Despite the doom and gloom predictions, there are, and likely still will be, jobs available. How do you see job seekers having to change their approaches to finding not only employment but employment that fits their talents and interests?

Networking is and will remain, the key to finding employment. LinkedIn has become such an incredible resource for connection and learning — it’s a great place to start for anyone seeking employment. Self-marketing will be essential, and job seekers may need to demonstrate their skills and accomplishments in video packages complete with case studies, proving their ability to successfully handle the position.

The statistics of artificial intelligence and automation eliminating millions of jobs appear frightening to some. For example, Walmart aims to eliminate cashiers altogether and Dominos is instituting pizza delivery via driverless vehicles. How should people plan their careers such that they can hedge their bets against being replaced by automation or robots?

As industries grow and evolve, new opportunities present themselves. The emergence of refrigerators, grocery stores, and automobile ownership ended the role of milk delivery in years past, but this industrialization created additional opportunities. The same will be true for AI and automation. Job seekers should stay on top of emerging trends and find skills of interest to pursue while networking with those who can help them.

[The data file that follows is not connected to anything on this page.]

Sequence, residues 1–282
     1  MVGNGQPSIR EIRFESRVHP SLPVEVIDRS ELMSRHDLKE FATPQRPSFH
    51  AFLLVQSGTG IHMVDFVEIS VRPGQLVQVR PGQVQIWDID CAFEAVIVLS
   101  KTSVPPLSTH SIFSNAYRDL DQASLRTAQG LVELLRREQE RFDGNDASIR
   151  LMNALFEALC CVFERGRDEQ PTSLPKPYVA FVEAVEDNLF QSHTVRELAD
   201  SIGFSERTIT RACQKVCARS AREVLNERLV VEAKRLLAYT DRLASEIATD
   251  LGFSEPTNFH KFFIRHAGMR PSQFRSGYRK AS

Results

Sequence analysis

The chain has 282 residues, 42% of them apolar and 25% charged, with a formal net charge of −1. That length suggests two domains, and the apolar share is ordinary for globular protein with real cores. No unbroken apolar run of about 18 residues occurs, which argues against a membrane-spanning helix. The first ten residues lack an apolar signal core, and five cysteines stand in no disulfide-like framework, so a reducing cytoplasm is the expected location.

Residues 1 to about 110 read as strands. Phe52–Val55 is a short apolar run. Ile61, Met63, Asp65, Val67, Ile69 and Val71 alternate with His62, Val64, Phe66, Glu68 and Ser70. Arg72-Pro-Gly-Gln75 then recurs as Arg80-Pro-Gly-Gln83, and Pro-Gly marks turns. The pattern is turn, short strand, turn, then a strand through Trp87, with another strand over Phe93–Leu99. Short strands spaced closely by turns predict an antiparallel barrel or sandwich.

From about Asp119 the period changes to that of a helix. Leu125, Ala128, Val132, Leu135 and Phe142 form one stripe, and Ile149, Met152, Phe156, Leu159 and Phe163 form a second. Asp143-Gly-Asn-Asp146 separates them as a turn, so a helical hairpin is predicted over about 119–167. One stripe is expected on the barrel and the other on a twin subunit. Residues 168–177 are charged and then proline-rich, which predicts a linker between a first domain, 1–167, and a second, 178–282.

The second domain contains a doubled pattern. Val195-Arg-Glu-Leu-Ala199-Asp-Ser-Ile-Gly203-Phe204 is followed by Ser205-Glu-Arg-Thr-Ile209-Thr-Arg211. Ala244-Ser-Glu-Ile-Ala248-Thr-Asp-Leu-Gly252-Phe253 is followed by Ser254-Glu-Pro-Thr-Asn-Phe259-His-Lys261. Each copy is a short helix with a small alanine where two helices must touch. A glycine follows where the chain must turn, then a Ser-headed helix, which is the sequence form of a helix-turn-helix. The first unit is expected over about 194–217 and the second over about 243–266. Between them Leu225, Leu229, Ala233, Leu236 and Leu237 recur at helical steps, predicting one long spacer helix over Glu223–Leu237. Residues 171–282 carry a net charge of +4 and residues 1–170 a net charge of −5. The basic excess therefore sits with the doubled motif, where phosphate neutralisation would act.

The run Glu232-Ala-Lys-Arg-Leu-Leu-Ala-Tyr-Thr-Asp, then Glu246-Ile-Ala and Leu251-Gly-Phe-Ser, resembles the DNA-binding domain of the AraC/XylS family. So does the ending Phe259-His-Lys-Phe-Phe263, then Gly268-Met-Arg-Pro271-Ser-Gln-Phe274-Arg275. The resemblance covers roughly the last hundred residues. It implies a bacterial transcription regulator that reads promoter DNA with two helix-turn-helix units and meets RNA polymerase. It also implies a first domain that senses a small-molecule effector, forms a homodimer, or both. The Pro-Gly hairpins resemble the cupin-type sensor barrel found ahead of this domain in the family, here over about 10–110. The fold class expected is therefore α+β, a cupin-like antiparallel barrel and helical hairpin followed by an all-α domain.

Technological advances and pandemic restrictions hastened the move to working from home. Do you see this trend continuing? Why or why not?

I believe this trend will continue in the form of a hybrid work model. There is magic in human connection, so there is an argument for onsite collaboration. However, many employees have grown to appreciate the flexibility working from home has afforded them. It will depend heavily on the industry, but I’m confident a hybrid, flexible, work environment is here to stay.

What societal changes do you foresee as necessary to support the fundamental changes to work?

A universal understanding of the hybrid work model will be key to its success. The pandemic stretched working families very thin. Many parents were expected to home school their children, maintain household tasks while balancing a full-time job online. I believe the educational system and businesses will need to find a proper balance for maximum productivity.

What changes do you think will be the most difficult for employers to accept? What changes do you think will be the most difficult for employees to accept?